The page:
How Long Do You Grill Steak

Are you craving a delicious steak but not sure how long to grill it? Don’t worry! We will walk you through the steps on how to grill the most delicious steak you’ve ever had! Just follow the steps below and you can’t go wrong. 

How long you should grill your steak depends on the cut of your steak as well as the internal temperature you prefer. A steak is typically grilled between 3 to 8 minutes. 

There are many delicious cuts of steaks on the market, ranging from filet mignon to T-bone, which all cook differently on a grill. Also, different grills function differently so you may have to adjust your grilling time depending on your own brand or type. 

Credits: Paul Hermann

What Do You Need To Grill Steak?

To get started, you will need a few key items before you grill your steak. To grill steak you will need a gas or charcoal grill, a meat thermometer, paper towels, and spices/seasonings of your choice. 

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Selecting The Right Cut

Grades of Steak

Did you know that there are three grades of steak? Do you know there are multiple cuts of steak? With so many options, it can seem a little overwhelming. Never fear! We’ll give you a definitive guide of grades and cuts to help you make the most informed decision about the steak you want to grill. 

Steaks come in three grades: 

  • Select
  • Choice
  • Prime
  • Select: Select grade is the type of steak you’ll typically find at the grocery store. It’s just above the lowest grade of what the USDA will deem edible for human consumption. It is also leaner than Choice and Prime.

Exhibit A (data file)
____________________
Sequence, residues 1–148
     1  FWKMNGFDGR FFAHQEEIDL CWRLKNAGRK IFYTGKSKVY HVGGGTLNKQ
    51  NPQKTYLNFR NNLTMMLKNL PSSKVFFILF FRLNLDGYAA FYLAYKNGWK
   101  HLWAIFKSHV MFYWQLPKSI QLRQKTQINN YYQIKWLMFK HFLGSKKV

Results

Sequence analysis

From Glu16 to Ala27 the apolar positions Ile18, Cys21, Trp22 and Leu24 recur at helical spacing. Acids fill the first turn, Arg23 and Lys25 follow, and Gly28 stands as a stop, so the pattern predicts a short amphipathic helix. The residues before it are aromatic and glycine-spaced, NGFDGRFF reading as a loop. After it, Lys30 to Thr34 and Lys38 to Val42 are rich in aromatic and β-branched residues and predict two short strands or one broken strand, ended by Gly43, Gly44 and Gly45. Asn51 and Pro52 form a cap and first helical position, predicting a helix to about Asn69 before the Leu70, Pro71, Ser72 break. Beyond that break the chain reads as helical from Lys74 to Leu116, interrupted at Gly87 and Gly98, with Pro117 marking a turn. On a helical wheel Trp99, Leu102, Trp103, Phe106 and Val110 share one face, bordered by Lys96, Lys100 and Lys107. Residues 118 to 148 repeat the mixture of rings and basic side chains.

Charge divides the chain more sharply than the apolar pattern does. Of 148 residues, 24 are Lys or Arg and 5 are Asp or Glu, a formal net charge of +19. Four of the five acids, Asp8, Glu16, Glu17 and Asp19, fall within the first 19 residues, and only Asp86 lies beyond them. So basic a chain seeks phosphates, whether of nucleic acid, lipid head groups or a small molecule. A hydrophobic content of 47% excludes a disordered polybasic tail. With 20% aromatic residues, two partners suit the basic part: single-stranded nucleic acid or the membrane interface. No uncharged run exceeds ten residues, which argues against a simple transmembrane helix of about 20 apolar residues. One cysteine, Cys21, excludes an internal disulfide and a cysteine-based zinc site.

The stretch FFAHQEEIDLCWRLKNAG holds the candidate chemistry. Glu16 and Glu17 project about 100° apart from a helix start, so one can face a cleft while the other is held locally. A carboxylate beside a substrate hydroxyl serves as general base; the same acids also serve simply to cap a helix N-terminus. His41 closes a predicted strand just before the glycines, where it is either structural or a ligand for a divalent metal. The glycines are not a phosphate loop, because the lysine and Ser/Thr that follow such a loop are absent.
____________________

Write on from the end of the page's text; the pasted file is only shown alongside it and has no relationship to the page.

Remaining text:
• Choice: This is a higher-grade meat but with less marbling than Prime. They are juicy and flavorful. 
  • Prime: Prime is the best grade of meat. You will more likely get these cuts at restaurants. They are produced from well-fed, young beef cattle. They have abundant marbling. 

Cuts of Steak

Steaks are generally defined as “fast-cooking” cuts of beef. They are considered fast cooking due to their low composition of connective tissue (which is what makes other cuts considered ‘slow cooking’). 

Generally speaking, ribeyes are considered the best cuts of steak to grill. This is due to the high marbleization of this cut. Marelization is where beef gets its flavor, making ribeye one of the richest cuts available. 

Strips are also popular cuts of steak to grill. These are a little less tender than ribeyes and have a tighter texture. It still has a decent amount of marbling and strong beef flavor. Because there is not as much fat or marbling, this is an easy to prepare and easy to cook cut.

Tenderloins are known to be the tenderest cut and have an almost butter-like texture. They are extremely low in fat, which also means they can be low in beefy flavor. 

Lastly, the T-bone or Porterhouse combines two of the above cuts: tenderloin and a strip. The cuts are separated by a T-shaped bone, hence how this cut got its name.  

Credits: Edson Saldaña

How To Grill A Good Steak

Thaw Your Meat Before Cooking

It is very important that you thaw frozen steak meat before it hits the grill. Let the meat sit at room temperature for at least 30 minutes before you grill it. Frozen or cold steak will not cook evenly. This also applies to steak from the fridge even if it isn’t frozen. 

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Importance Of Searing

Don’t forget to sear your meat. Preheat your grill and place steaks over high heat for one minute on each side to first seal your meat before directly cooking it. Then, either lower your heat or remove the steak to indirect heat to start cooking towards your desired temperature.

Pro tip: Your steak will continue to rise between 5 to 10 degrees after you remove it from the heat. Remove your steak when it reaches between 5 to 7 degrees from your desired temperature. 

Temperature

The amount of time you grill your steak depends on its thickness and your desired doneness level. The table below outlines what internal temperature your steak must be based on your cut thickness and the doneness level you desire. 

FILETS MIGNON & CENTER-CUT RIBEYES

ThicknessRare (110 to 120 F)Medium Rare (120 to 130 F)Medium (130 to 140 F)
1.5 inches3 minutes EACH SIDE3.5 minutes EACH SIDE4 minutes EACH SIDE